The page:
NUS Spurs Interest in Law Specialisations, Honours Past Law Professors

Professor Michael Hor chatting with former criminal law colleagues Professorial Fellow Stanley Yeo and Associate Professor Chan Wing Cheong

The National University of Singapore Faculty of Law (NUS Law) will be introducing six new subject prizes to recognise students who excel in six subjects, namely intellectual property law, carriage of goods by sea, charterparties, international commercial litigation, law of torts and freedom of speech. These awards have been established through generous gifts totalling S$90,000 from institutions and donors who have a keen interest in legal education and the nurturing of top legal talent.

The Intellectual Property Office of Singapore (IPOS) has pledged a gift of S$15,000 to the law school to establish the IPOS Prize in Foundations of Intellectual Property Law, which will be awarded annually for 15 years. A cash prize of S$1,000 will be presented to the top student enrolled in the subject.

Mr Daren Tang ’97, Chief Executive of IPOS, said, “Innovation is a strategic pillar for Singapore’s economic growth and progress. IPOS believes that the building and development of talent is key in driving the innovation cycle. As such, we are pleased to partner NUS in launching the IPOS Prize in Foundations of IP Law, in support of the development of young IP Lawyers in Singapore.”

In addition to the IPOS Prize, NUS Law is also establishing the Maritime Law Association of Singapore Prizes in Carriage of Goods by Sea and in Charterparties. These subjects form the cornerstones of the faculty’s specialised Master of Laws programme in Intellectual Property and Technology Law, and Maritime Law, which are also available to undergraduate students. The Faculty is also setting up the Thomson Reuters Prize in International Commercial Litigation, which will be awarded to the best student in the subject. The prizes were each set up with a gift of S$15,000 and will award a cash prize of S$1,000 to the best student in each of the three subjects.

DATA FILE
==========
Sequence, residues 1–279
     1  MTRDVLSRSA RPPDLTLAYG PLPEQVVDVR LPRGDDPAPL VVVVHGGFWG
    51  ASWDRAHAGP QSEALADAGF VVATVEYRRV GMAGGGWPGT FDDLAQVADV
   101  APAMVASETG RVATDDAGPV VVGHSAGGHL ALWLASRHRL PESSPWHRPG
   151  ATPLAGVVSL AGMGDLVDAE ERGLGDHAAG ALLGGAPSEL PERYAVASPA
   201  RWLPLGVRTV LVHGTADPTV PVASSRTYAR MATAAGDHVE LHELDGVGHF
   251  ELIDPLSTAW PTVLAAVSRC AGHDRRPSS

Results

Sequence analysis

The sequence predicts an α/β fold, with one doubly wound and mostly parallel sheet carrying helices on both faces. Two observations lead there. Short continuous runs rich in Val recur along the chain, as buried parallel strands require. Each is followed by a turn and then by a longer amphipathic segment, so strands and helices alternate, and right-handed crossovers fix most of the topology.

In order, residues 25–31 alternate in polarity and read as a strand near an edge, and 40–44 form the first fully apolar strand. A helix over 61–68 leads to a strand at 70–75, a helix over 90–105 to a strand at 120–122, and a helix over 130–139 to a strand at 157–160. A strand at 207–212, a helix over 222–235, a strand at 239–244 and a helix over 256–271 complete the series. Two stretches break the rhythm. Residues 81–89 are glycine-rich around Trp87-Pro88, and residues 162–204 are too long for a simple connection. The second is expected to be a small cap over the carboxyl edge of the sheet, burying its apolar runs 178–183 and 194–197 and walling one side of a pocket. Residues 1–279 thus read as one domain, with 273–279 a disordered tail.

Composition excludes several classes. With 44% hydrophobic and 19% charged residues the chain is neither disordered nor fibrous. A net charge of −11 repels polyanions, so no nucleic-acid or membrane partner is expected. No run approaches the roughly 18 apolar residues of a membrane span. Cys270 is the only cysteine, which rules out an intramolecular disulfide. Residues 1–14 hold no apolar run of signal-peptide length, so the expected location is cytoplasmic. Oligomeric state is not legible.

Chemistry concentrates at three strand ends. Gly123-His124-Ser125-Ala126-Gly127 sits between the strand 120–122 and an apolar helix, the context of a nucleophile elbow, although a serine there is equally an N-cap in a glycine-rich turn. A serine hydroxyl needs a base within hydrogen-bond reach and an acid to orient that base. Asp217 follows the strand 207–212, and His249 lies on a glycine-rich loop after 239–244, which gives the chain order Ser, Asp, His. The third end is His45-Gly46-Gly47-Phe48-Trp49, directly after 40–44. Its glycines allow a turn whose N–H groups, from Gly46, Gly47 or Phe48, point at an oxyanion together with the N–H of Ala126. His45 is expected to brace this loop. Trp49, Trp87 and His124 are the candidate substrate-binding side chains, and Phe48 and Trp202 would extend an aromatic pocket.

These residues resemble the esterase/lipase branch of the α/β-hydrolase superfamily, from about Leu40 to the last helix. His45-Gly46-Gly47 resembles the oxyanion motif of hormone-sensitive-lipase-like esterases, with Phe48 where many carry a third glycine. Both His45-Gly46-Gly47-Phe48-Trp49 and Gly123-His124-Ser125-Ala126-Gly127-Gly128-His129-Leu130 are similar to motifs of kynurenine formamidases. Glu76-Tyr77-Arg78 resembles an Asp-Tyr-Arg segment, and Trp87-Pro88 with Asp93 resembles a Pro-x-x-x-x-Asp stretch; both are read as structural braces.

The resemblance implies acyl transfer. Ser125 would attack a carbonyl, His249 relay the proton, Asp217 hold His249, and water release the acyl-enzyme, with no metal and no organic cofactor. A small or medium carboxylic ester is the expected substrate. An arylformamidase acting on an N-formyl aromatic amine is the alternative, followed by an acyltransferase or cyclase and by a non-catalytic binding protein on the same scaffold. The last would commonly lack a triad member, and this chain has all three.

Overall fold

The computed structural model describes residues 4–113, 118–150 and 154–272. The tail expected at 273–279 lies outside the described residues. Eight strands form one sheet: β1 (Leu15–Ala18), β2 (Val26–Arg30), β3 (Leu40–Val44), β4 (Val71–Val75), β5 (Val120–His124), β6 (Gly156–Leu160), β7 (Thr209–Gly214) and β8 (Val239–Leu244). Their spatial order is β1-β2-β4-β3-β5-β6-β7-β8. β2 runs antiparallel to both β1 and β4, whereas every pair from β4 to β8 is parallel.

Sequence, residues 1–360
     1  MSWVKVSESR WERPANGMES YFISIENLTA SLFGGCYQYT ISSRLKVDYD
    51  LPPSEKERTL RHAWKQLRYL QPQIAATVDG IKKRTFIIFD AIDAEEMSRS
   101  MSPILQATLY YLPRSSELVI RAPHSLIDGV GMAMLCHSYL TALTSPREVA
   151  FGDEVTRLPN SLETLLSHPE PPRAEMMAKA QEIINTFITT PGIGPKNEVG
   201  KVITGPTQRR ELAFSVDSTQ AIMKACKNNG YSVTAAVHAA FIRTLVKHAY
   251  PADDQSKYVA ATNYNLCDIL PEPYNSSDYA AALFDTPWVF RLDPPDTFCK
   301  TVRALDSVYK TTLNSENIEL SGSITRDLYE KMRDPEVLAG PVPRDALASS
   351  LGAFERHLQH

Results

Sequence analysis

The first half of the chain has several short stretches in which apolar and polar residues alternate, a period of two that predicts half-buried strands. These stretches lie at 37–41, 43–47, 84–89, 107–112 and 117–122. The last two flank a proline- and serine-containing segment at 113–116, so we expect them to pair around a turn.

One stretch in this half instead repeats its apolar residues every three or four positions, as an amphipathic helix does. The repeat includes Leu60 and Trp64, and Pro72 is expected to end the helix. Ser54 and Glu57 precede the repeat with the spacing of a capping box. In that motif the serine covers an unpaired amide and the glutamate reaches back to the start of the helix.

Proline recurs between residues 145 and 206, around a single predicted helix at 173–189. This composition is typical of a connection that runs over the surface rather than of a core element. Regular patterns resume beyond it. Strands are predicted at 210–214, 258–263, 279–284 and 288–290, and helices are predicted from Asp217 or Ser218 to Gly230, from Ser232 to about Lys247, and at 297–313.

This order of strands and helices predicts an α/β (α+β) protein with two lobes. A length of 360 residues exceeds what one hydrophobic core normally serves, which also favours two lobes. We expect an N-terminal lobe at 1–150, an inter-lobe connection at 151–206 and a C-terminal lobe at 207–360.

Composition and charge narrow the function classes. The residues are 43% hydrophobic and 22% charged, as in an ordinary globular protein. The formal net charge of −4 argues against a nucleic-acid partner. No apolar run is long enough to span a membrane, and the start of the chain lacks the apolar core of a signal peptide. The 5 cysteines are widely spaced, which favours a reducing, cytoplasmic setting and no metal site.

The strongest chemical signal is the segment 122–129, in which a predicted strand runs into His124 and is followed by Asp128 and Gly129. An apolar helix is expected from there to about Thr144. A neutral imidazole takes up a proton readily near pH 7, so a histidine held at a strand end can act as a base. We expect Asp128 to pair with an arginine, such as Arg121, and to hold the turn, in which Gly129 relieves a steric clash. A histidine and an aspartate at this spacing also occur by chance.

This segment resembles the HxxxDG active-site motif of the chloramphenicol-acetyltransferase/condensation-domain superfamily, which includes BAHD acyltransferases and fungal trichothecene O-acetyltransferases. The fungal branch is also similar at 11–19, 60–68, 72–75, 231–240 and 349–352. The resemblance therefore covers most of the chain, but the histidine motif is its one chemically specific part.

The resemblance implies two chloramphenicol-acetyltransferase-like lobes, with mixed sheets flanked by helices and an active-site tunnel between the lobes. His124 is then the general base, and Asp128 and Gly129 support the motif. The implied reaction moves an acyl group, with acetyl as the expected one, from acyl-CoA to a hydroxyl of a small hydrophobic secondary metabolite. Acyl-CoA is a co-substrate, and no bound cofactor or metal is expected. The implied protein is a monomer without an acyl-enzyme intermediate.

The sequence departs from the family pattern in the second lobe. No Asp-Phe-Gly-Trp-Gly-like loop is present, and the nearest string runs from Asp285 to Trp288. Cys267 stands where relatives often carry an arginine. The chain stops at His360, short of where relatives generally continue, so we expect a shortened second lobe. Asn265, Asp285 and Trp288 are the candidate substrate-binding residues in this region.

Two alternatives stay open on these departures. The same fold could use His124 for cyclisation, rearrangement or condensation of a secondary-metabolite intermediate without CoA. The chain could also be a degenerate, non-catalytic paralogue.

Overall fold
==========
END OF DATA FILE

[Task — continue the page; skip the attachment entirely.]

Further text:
NUS Law also honours its former professors for their dedication and outstanding contributions to the faculty with the establishment of two additional subject prizes: the Tan Keng Feng Prize in the Law of Torts and the Michael Hor Prize for Freedom of Speech. The prizes, which are gifted by donors, will be awarded each year to the best student who has excelled in the subjects of Law of Torts and Freedom of Speech respectively. Each prize is valued at S$1,000.

The Tan Keng Feng Prize is named in honour of Professor Tan Keng Feng ’71, one of the leading torts professors in Singapore, who joined the Faculty of Law at the University of Singapore, the predecessor institution of NUS, as a lecturer in July 1974 and served for 30 years until he retired on 1 January 2005. During his service, Prof Tan had convened and taught the core course Law of Torts.

The Michael Hor Prize was established in honour of Professor Michael Hor ’84, who taught at NUS Law from 1988 to 2014. Prof Hor left the school in June 2014 to take up the position of Dean of the Faculty of Law of the University of Hong Kong.

Professor Simon Chesterman, Dean of NUS Law, said, “We are tremendously grateful for the support that has made these prizes possible. Such prizes recognise individuals and institutions that have contributed greatly to Singapore’s past legal development, and highlight subjects that will be important to its future. They also encourage all our students and enable us to reward those who excel.”

Five of the new prizes – the IPOS Prize in Foundations of Intellectual Property Law, the Maritime Law Association of Singapore Prizes in Carriage of Goods by Sea and in Charterparties, the Tan Keng Feng Prize and the Michael Hor Prize - will be awarded to NUS Law students from the current academic year onwards. The Thomson Reuters Prize in International Commercial Litigation will be awarded starting from Academic Year 2016/2017.

Each year, a number of subject prizes are awarded to top NUS Law students for excelling in a wide range of subjects, ranging from family law to international environmental law, and from negotiation to securities regulation. The addition of six new prizes means that there are now 50 awards available to students, including book prizes and medals, recognising NUS Law’s top students for their outstanding performance in the course of their studies (and in some cases for their extra-curricular activities).